What kind of involvement would you like your character to have in Save the Earth?: Well, he's already Robyn's dad and I wouldn't mind seeing him trying to look after all the other kids running around. Otherwise, he's probably best off doing what he does in canon. Sticking his nose in where it doesn't belong and nearly getting it shot off on a regular basis.

Roleplay Sample - Third Person: Test Drive.

Roleplay Sample - Network:

To Do List:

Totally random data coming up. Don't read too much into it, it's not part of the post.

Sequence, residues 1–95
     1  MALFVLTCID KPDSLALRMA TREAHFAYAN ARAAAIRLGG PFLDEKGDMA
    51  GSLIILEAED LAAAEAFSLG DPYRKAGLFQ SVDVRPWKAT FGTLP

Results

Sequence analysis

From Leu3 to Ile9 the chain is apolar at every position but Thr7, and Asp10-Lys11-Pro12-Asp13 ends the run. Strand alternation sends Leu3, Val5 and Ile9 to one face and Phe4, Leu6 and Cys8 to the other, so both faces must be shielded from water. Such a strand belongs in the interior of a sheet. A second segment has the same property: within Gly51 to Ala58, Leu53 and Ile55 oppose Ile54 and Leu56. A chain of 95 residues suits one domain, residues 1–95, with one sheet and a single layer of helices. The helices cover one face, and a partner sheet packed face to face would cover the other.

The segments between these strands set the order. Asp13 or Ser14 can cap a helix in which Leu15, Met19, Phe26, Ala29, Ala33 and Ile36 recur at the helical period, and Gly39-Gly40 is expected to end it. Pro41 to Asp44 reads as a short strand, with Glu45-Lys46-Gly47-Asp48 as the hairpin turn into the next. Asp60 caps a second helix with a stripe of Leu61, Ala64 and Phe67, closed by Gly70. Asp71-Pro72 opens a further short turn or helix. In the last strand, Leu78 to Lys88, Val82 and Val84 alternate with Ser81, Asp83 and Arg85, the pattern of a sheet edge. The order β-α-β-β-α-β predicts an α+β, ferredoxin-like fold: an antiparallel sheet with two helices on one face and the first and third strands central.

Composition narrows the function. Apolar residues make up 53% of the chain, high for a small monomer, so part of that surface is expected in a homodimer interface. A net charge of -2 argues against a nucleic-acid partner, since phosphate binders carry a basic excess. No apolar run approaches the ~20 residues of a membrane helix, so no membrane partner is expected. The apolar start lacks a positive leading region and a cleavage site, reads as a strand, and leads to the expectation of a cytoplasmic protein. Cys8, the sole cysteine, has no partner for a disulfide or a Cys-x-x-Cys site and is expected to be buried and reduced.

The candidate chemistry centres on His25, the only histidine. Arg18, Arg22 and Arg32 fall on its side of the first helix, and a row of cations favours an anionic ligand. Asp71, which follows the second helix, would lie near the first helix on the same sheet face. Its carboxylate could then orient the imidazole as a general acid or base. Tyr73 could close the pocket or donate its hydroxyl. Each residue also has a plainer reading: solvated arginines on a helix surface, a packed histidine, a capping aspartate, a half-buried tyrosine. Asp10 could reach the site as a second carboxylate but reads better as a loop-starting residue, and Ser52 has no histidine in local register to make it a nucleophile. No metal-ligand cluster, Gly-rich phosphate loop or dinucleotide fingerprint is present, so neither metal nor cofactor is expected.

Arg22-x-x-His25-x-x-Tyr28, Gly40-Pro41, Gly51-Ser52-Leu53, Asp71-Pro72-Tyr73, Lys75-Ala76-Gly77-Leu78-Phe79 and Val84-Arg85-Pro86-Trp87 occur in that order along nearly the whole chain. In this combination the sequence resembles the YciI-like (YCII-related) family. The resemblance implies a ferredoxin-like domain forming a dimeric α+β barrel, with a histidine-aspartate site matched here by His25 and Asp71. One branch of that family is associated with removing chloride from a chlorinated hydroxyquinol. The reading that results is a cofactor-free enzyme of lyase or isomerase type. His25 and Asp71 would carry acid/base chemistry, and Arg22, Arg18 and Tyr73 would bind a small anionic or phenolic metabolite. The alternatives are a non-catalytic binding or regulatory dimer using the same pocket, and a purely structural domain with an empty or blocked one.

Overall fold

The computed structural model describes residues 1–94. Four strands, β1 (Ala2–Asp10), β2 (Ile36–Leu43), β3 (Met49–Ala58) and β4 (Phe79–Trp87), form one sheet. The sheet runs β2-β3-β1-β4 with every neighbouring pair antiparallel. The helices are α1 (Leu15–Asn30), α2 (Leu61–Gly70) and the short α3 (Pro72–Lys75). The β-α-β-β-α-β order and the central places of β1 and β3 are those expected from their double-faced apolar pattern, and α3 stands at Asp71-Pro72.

Look into getting some more info on this whole Numbered thing. See if you can’t offer to help some of them get their stories out. You owe them, Harry, and it’s the least you can do.

Clear out shelf space for Robyn’s rifle scythe. Thing.

What do you call that anyway? Scyifle? Rythe? Rithle? Getting sidetracked.

Buy a shed.

Check out the meaning of these numbers. 938724106. Related to Numbered?

Work in a trip to Burger King somewhere in there.

Buy socks. I think they’re on sale this week.

Mmm… Whopper.


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Harry Dresden

March 2016